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Market Cap £105.80bn
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Position in Universe 12th / 1821

RPT-COLUMN-Iron ore and China steel output aren't sticking to the script: Russell

Thu 22nd April, 2021 1:00pm
(Repeats item with no changes in text. The opinions expressed
here are those of the author, a columnist for Reuters.)
    * GRAPHIC - China iron ore imports vs SGX price:

    By Clyde Russell
    LAUNCESTON, Australia, April 22 (Reuters) - The China steel
and iron ore market narrative for 2021 was supposed to be
pollution-led curbs on steel output, coupled with rising iron
ore supply, leading to lower prices. 
    Neither is happening.
    The world's three biggest iron ore miners all reported lower
production in the first quarter of this year compared with the
last quarter of 2020.
    China's steel output rose to 94.02 million tonnes in March,
the highest since August 2020 and at 3.03 million tonnes per
day, it was above the daily average of 2.97 million tonnes in
the first two months of the year.*:nL4N2M6178
    It's therefore unsurprising that spot iron ore prices for
delivery to north China  MT-IO-QIN62=ARG , as assessed by
commodity price reporting agency Argus, reached a decade-high of
$188.70 a tonne on April 22, before easing slightly to end at
$185.60 on Wednesday.
    The high price of iron ore, as well as strength in China's
domestic steel prices and profit margins for mills, has prompted
some official concern. Beijing's industry ministry went so far
as to say on April 20 that it would take steps to stabilise raw
material prices.
    The ministry will work together with relevant departments to
fend off panic buying or hoarding, and "resolutely" crack down
on market monopolies and malicious speculation, Ministry of
Industry and Information Technology spokesman Huang Libin said,
without elaborating.*:nL1N2MD0HG
    At times of elevated prices in the past, the authorities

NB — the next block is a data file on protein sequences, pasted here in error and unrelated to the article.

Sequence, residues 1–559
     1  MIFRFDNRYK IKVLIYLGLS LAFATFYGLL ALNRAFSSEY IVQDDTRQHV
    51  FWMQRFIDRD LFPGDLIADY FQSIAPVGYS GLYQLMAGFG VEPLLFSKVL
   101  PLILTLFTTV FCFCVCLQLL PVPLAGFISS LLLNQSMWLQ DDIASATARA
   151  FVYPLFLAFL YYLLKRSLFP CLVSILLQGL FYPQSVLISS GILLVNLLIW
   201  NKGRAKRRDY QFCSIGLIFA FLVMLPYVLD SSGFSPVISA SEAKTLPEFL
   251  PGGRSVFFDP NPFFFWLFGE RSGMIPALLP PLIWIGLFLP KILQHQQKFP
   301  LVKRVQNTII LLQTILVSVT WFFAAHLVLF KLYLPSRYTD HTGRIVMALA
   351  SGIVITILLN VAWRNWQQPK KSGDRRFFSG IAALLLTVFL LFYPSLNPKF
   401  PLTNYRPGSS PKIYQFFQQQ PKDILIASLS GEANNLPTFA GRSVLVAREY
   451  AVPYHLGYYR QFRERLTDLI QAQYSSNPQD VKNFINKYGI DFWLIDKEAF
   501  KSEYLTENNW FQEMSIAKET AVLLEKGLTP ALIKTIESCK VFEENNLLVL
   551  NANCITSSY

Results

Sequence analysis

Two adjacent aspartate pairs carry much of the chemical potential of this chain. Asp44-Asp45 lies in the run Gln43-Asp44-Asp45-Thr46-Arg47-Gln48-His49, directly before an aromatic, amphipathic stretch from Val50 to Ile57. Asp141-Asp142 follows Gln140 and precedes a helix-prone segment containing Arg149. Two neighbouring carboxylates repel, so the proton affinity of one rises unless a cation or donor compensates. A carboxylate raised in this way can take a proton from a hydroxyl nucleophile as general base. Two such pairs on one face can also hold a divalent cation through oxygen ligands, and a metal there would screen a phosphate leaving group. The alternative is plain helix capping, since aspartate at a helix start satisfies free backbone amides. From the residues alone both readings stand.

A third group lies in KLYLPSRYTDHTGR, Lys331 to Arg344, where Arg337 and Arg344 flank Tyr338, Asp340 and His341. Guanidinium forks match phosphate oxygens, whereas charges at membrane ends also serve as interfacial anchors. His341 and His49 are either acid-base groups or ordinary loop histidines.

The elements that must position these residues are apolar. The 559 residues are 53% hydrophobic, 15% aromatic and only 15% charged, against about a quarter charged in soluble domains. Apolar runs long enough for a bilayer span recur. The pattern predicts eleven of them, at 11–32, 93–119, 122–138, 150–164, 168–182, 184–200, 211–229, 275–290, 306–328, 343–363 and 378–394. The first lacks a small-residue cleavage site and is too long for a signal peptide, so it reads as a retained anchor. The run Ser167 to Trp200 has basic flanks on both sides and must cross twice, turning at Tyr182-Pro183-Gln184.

have tended to make it more expensive to trade positions and
have used what could be referred to as unofficial powers of
persuasion to calm markets.
    What remains to be seen is whether this will actually result
in lower steel output, or whether the current high profits for
producers - built on the back of strong demand amid stimulus
spending on infrastructure and construction - will win out.
    Effectively, it may come down to a choice for policymakers:
curb steel production in order to limit pollution and accept a
small hit to economic growth, or allow steel output to rise to
meet the needs of robust economic growth.
    On the supply side, it's clear that iron ore miners have
been unable to ramp up production to meet demand from China,
which buys around 70% of seaborne volumes.
    This isn't really the fault of the major miners, with
weather issues hampering production in top exporter Australia in
the first quarter, and maintenance at a major mine in number two
shipper Brazil.
    Rio Tinto  RIO.AX , currently the world's biggest iron ore
producer, reported quarterly output of 76.4 million tonnes for
the three months ended March, down 11% from the previous quarter
and 2% below the level of the same quarter in 2020.*:nL4N2MC4CN
    However, the company maintained its guidance for total
shipments of between 325 million and 340 million tonnes of iron
ore in 2021 from its operations in Western Australia state.
    BHP Group  BHP.AX , Australia's second-largest exporter,
produced 66.7 million tonnes of iron ore in the January-March
quarter, down 5% from the prior quarter and 2% lower than in the
same quarter a year earlier.*:nL4N2MD4QY
    The company said it expects output for the full fiscal year
to June 30, 2021, to be at the upper end of its 245 million to
255 million tonnes range. 
    Brazil's Vale  VALE3.SA  reported first-quarter production
of 68.05 million tonnes, down 19.5% from the fourth quarter but
up 14.2% from the same quarter in 2020.*:nL1N2MC325
    The company blamed maintenance work at its S11D mine for the
drop from the December quarter, and it also kept to its 2021
production guidance of 315 million to 335 million tonnes.
    This means Vale will have to up its production significantly
in coming quarters to meet its target.
    Rio will also have to step up output to meet its target,
though not nearly as much as Vale, while BHP is on track to meet
its target.
    Overall, if these top producers are able to meet their
targets, it does suggest that the tightness seen in the first
quarter in the seaborne iron ore market may ease by the second
half of the year.
    Coupled with an expectation that China will ease back on the
stimulus throttle and enforce pollution-led curbs on steel
output, the outlook should be that iron ore prices start to
    But - and it's a big but - there is no clear evidence any of
this is actually happening.

 (Editing by Kenneth Maxwell)
 (( 437 622 448)(Reuters
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